Friday, November 22, 2013

50 years

The fiftieth anniversary of the assassination of John F. Kennedy only confirms what my creaky joints and aching muscles have been reminding me for a few years now: the undeniable fact that I'm getting old. When I was a child, I saw fifty as the magic divide between youth and old age. Passing that divide myself a few years ago didn't phase me much as fifty is the new forty, or thirty, or whatever age you choose. But actually remembering something that happened a half century ago is different. I'm reminded of the old folks I knew as a child who used to say all the time: "You know I remember, years ago..." Now I'm one of those people.

This anniversary is something of a personal milestone, as the events surrounding the death of the president mark the beginning of recorded time for me. My memory before that event is fragmentary, bits and pieces of vague remembrances: riding on my father's shoulders as we walked through Humboldt Park, watching Black Hawks' games on TV, taking the L to the Loop with my mother. I even remember brief glimpses of President Kennedy. To me as a small child, his strident oratory style put me off, I remember thinking he was yelling all the time. Yet those memories are vague and without context.

However I can tell you exactly where I was from 12:30pm CST November 22nd, 1963, until the following Monday afternoon. Perhaps the most vivid memory of that terrible Friday was being at home with my mother in the late afternoon, well after the tragic events in Dallas earlier that day. She was particularly somber, although I don't remember her crying, as she did after Robert Kennedy was shot five years later. Our apartment was completely dark save for the TV that was tuned to Channel 11, the local public broadcast station. Their programming, if you could call it that, consisted of nothing more than a static shot of a portrait of the slain president, while somber music played in the background. It gives me chills just thinking about it. To add pain to the misery of that day, I vividly remember accidentally banging my head against the side of our couch. The TV remained on rest of the weekend as every moment of the president's elaborate funeral was broadcast. Just about the only thing I missed was Lee Harvey Oswald being shot by Jack Ruby which was also shown on live TV. I may have taken a brief respite to play in the halls of our building when that happened, but I distinctly remember seeing the news report flash across the screen that he was dead.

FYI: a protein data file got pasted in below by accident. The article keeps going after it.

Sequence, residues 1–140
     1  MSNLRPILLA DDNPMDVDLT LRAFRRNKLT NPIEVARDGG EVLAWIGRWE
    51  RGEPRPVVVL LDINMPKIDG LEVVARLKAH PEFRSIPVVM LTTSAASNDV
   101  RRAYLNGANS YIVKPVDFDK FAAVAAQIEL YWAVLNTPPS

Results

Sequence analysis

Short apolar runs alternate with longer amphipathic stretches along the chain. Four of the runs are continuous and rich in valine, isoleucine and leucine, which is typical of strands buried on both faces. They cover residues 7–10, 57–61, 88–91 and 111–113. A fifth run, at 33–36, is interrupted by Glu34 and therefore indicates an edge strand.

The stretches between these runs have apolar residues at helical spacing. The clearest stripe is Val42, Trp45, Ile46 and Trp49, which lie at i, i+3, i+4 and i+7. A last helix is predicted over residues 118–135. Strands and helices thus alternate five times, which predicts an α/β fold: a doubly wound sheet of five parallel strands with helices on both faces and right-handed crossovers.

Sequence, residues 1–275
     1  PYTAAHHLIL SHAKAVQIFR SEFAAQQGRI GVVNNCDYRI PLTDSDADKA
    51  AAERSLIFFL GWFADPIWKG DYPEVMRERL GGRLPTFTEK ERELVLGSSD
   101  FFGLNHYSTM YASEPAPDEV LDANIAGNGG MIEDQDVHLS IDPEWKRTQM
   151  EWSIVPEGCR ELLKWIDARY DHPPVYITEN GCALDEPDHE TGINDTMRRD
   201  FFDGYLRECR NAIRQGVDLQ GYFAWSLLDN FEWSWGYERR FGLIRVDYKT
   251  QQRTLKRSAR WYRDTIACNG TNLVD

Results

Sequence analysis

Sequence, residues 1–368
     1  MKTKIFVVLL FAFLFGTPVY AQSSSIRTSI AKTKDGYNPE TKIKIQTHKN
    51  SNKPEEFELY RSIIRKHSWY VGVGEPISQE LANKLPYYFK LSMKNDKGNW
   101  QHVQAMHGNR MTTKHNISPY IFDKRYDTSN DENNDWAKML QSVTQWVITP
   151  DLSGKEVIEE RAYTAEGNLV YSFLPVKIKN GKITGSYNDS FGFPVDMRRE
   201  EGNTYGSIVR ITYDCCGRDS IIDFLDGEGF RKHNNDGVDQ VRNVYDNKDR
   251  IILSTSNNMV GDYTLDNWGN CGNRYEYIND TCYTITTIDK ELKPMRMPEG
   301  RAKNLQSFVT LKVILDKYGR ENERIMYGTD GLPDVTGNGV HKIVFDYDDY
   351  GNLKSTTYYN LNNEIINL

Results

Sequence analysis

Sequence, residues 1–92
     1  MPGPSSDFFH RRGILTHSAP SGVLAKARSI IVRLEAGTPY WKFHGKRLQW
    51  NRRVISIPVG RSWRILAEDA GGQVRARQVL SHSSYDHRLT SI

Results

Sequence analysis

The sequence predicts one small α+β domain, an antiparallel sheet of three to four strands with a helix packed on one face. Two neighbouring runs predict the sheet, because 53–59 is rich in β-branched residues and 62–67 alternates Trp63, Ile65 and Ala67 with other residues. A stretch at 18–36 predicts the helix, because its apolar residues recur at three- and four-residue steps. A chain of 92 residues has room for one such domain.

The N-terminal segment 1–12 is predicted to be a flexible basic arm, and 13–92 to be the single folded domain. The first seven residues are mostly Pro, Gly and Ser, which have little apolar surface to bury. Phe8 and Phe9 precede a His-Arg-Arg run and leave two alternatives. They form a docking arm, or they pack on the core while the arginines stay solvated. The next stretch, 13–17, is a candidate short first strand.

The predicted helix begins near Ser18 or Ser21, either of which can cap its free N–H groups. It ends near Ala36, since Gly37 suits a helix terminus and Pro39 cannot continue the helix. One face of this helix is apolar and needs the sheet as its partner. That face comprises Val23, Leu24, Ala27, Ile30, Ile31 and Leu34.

This year, with the exception of thumbing through a commemorative issue of Life Magazine, which was essentially the same issue they ran shortly after the assassination with the exception of a picture of the president with Marilyn Monroe, I've managed to avoid coverage of the anniversary. I don't need to be reminded of it; the memory of the events that took place that late November long ago has been so strongly imprinted in my brain, that hardly a month or even a week have gone by when I haven't in one way or other thought of Kennedy and his tragic death. Not that I'm a Kennedy buff, far from it. I'd say hostage to the memory of the event is a more appropriate term. Nor do I obsess over who did it. I believe that Lee Harvey Oswald acted alone in killing the president. It's not that I think a conspiracy is inconceivable, I just have never seen any credible evidence that points to anyone other than or in addition to Oswald. The fact that there are so many wildly divergent conspiracy theories out there is evidence enough that there probably wasn't one.

I suspect that people so vigorously support the idea of a conspiracy because they simply refuse to believe that one man's actions could so throw the world off kilter. Everybody knows that four US presidents have been assassinated, but it's less known that in US history there have been dozens of attempts on the lives of presidents, most of them planned and carried out by a solitary individual. As I heard pointed out in a recent radio interview, we're fortunate that so many of those would be assassins were simply incompetent.